Columbus is the big loser here, failing to make the playoffs despite a 1017 PDO, while the Isles were able to overcome a 990 PDO and get in. Interestingly, the top-five teams in even-strength save percentage (the inner blue/purple shape) not only made the playoffs, but won at least a round once there, while regular-season shooting percentage didn't predict much success at all (in either making the playoffs or doing well once there). Of course, it should be noted that the shortened season produced some wonky results (both at the individual and team levels), so things would even out quite a bit given more time (see, for example, last year).
Back to individual PDO for a moment, if you're wondering how it corresponded to production, here's a look at Caps forwards this year (we'll get into the defensemen at some point in the future):
Distance from the black dotted line indicates how far a player's PDO was from 1000 (high or low), and you can see from where on the vertical and horizontal axes just what was driving those PDOs. The bubble size indicates points-per-sixty minutes at five-on-five. It should come as no surprise that the guys with higher on-ice shooting percentages generally produced points at a higher rate. And while it's tempting to look at the names and conclude that higher-skill players drive shooting percentage up and lower-skill players' suppress opponent shooting percentage (or face similarly low-skilled talent that brings about the result), this is far too small a sample to support that... but your hunch is spot-on (as Tyler Dellow showed earlier in the year). Would anyone be truly surprised to see shots going in at a high rate at both ends of the ice when Marcus Johansson is out there, or at a low rate when it's Jay Beagle?
Finally, PDO and possession:
Really small sample here, of course, but an interesting visualization that once again confirms what you already knew - the Caps' second line was a black hole of possession and all the Corsis in the world weren't going to get Wolski back on the ice. Also, we keep coming back to the prospects of a Martin Erat-Laich-Troy Brouwer second line, but their respective possession numbers and PDOs would lead you to believe that any regression they're due for as a group will be a net negative (though obviously Erat and Laich had tiny 2013 samples with the Caps).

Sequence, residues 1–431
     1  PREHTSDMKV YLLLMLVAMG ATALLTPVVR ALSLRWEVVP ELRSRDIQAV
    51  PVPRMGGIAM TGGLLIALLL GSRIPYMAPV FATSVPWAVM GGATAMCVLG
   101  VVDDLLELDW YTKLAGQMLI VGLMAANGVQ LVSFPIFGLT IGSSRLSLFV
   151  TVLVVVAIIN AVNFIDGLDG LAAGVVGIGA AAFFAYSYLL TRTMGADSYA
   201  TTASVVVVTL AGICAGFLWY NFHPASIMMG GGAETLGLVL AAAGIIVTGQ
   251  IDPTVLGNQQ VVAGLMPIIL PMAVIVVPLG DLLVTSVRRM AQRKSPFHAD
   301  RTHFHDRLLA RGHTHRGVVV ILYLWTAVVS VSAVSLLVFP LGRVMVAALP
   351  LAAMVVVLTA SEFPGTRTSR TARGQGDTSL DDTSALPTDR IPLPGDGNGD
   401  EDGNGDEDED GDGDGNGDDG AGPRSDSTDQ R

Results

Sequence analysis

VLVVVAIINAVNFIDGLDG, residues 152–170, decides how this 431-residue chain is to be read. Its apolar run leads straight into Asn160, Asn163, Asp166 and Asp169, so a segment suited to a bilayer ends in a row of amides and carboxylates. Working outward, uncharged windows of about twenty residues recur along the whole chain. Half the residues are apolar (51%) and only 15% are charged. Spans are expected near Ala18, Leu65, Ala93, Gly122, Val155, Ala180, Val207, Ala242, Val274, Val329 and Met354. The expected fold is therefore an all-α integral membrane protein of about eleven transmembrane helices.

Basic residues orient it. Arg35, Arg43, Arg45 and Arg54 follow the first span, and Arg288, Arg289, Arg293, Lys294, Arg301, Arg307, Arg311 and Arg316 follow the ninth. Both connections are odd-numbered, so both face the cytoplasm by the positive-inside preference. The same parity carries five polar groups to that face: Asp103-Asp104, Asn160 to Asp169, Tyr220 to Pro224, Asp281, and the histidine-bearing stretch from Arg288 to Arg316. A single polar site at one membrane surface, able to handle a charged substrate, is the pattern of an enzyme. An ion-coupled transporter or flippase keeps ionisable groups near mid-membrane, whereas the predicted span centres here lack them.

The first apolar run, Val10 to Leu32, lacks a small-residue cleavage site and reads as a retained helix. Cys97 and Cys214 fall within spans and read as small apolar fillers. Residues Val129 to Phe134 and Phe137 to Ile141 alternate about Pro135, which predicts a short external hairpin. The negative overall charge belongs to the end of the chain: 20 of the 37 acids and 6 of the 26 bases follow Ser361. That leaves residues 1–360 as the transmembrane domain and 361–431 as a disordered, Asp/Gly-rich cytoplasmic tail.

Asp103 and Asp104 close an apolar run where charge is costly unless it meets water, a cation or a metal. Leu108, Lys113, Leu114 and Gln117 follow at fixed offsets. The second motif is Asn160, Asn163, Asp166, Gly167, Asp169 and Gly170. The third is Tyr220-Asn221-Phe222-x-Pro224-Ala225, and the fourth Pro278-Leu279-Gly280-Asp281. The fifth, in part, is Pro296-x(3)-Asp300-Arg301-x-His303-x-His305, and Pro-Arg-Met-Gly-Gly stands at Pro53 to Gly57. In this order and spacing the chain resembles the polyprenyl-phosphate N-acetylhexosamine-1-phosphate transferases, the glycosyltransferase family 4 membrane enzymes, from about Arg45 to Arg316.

Anyway, the point of these charts is to help more "visual" types see what everyone's talking about when they're talking PDO, but also to more clearly show what the drivers behind those numbers are. The charts (and, more importantly, an understanding of the numbers that populate them) help to lay out who's been "lucky" and who hasn't been, and, in some cases, provides a strong indicator of what might lie ahead. As we look ahead to the 2013-14 Metropolitan Division (ugh) race, for example, plenty of questions arise from just looking at the respective teams' PDOs. Can the Caps stay comfortably above 1000, or will they come back to the pack? If they do regress (which is certainly the safer bet), can they improve their possession game enough to cushion the landing? What will happen if the Isles, Devils, 'Canes and Flyers get League-average goaltending? Are the Pens' dominant five-on-five numbers sustainable? Can Carolina and New Jersey get some more shooting "luck"? Was 2013 as good as it gets for Columbus? Will a new coach be able to help the Rangers' offense enough to match their terrific goaltending and make them an elite team? And so on (and don't forget, we're only talking about five-on-five play here... special teams are still a critical component of the game).
Ultimately, PDO is more than just a clever math trick, and the combined metric may be a good indication of where (or when) to dig for more information, but a closer look at the component parts would seem to be important in understanding what's really going on.